The promise of elections managed to calm the waters, but the separatists took advantage of the weakness of the government. Violence prevailed in Maluku, Irian Jaya, East Timor and Aceh. East Timor gained independence after a referendum in August 1999, but not before the Indonesian army in retreat destroyed its infrastructure and caused thousands of victims.

Democracy and reform history

Considering the hectic climate, legislative elections in June 1999 were held with relative ease; Megawati Sukarnoputri (daughter of Sukarno) and his reformist Indonesian Democratic Party for Struggle (PDI-P) were the next most popular choice (33%). But months later, in the presidential elections held separately, a narrow victory was won by Abdurrahman Wahid (Gus Dur), whose efforts to combat corruption ran into stiff resistance. Megawati finally took the president role in 2001, but her mandate was a disappointment to many Indonesians:

  • corruption was perpetuated,
  • military power remained intact,
  • the continued high rate of poverty,
  • serious terrorist attacks occurred in 2002.

Megawati lost the 2004 presidential election to Susilo Bambang Yudhoyono (SBY), former Army officer who was on his duty in East Timor. This “thinking general” has succeeded in imposing a crackdown on Islamic militants. He allocated more money to education and health and introduced a basic pension.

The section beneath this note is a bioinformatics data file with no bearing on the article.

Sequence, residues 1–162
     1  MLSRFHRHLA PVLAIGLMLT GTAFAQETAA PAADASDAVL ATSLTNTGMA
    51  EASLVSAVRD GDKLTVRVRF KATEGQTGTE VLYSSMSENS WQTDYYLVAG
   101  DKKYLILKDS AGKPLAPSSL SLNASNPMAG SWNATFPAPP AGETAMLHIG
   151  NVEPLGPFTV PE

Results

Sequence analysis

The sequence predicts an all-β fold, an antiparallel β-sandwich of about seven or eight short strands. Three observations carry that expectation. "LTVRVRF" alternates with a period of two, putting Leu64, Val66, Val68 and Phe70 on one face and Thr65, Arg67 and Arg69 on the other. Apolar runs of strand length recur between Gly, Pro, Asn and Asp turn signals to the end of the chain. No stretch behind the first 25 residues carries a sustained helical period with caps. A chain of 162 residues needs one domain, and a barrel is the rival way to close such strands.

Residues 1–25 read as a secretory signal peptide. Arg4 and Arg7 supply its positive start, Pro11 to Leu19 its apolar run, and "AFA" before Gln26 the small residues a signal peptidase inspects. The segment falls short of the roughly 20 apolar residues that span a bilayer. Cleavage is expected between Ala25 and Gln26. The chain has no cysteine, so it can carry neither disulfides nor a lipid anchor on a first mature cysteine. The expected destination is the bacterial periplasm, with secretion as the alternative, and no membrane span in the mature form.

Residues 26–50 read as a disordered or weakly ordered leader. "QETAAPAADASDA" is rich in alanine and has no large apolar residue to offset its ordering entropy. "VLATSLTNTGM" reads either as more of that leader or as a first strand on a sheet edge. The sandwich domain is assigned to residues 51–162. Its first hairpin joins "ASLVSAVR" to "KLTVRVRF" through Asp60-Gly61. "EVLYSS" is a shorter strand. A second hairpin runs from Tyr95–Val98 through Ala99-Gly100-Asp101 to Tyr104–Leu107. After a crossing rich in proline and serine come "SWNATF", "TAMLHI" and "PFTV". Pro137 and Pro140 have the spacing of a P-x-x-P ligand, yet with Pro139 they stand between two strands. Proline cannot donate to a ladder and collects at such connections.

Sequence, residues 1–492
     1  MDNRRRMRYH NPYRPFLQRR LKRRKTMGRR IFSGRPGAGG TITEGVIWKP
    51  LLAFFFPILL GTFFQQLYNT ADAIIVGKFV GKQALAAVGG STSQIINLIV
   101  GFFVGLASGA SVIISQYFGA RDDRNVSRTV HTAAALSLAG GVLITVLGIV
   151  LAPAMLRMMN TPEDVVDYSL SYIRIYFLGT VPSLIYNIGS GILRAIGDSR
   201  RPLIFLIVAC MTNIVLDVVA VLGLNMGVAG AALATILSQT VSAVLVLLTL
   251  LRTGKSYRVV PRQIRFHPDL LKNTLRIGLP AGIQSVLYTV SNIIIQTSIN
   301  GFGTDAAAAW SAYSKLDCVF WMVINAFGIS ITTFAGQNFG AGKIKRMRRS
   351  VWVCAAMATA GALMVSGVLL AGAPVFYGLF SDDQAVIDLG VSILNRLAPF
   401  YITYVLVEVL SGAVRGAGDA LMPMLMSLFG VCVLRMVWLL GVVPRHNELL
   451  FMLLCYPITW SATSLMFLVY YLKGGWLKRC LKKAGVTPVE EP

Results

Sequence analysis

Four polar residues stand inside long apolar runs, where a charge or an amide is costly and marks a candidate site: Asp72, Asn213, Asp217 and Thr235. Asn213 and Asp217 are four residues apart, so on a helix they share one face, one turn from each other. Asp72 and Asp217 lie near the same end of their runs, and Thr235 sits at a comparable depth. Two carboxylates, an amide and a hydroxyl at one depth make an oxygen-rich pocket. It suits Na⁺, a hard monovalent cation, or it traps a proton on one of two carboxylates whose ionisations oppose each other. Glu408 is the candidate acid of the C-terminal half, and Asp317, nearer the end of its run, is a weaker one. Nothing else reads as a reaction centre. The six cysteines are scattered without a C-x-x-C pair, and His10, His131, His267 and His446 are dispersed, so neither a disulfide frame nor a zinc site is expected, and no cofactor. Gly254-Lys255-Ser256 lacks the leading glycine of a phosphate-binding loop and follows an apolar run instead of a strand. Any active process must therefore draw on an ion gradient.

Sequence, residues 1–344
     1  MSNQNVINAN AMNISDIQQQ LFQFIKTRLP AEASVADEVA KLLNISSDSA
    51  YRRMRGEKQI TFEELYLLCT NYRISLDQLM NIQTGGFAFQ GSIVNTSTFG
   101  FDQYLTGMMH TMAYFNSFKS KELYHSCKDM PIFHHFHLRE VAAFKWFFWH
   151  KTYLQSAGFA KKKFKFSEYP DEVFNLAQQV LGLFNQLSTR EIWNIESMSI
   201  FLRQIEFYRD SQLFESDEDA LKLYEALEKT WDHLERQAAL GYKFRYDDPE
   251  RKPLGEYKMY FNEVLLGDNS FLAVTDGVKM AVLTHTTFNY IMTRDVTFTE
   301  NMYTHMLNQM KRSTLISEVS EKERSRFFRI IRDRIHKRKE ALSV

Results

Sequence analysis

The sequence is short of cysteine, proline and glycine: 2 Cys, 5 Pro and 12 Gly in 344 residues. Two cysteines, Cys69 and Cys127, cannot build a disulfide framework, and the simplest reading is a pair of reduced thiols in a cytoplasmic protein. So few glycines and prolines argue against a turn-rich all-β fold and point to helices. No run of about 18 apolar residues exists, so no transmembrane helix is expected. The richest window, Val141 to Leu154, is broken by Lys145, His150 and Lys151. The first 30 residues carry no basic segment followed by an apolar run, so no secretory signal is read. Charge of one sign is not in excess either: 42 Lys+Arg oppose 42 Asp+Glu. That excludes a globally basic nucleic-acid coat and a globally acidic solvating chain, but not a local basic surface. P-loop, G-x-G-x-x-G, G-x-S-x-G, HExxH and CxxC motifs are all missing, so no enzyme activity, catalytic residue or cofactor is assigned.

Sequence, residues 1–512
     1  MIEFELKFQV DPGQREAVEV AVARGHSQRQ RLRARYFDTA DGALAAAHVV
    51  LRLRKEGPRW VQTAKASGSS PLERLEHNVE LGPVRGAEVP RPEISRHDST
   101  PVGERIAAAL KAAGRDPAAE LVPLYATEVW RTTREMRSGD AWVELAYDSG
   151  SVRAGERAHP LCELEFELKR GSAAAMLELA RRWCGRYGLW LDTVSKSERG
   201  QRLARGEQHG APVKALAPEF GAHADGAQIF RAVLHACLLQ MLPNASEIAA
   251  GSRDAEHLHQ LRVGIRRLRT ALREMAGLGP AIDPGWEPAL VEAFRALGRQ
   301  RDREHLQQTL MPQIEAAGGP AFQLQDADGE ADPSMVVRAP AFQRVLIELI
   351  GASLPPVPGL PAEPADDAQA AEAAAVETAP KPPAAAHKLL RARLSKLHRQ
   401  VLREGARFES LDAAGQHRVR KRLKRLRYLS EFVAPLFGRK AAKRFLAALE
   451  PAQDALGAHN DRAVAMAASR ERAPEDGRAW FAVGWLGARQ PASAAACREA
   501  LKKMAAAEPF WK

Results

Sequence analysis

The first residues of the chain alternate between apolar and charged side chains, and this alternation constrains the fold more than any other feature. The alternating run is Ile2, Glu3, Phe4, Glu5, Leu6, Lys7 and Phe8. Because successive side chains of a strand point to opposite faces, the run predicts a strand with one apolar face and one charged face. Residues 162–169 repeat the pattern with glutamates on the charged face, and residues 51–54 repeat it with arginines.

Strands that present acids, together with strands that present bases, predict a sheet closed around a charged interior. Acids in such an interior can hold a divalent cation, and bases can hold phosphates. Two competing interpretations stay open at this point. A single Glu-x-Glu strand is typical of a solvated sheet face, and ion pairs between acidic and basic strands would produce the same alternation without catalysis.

SBY’s mandate has also been marked by a series of disasters, starting with the tsunami (December 26, 2004), that devastated Aceh in northern Sumatra. In 2006, an earthquake struck Yogyakarta, causing 6800 victims, and another from 2009 devastated Padang on Sumatra.

The elections of 2009 were easier than many had predictedand SBY won a comfortable re-election on a platform of moderate policies. In the parliamentary elections held earlier that year, the extremist Islamic parties, which had forecast a steep ascent, finished with only 8% of the vote. Moderates triumphed, including SBY party.

It can be said that last couple of years provided a solid base for creating a healthy, real democratic system which won’t include serious political plots which may affect the peace of Indonesian habitants. One thing is sure – after their dynamic past and drastic changes, it is the high time they lived in the peaceful environment.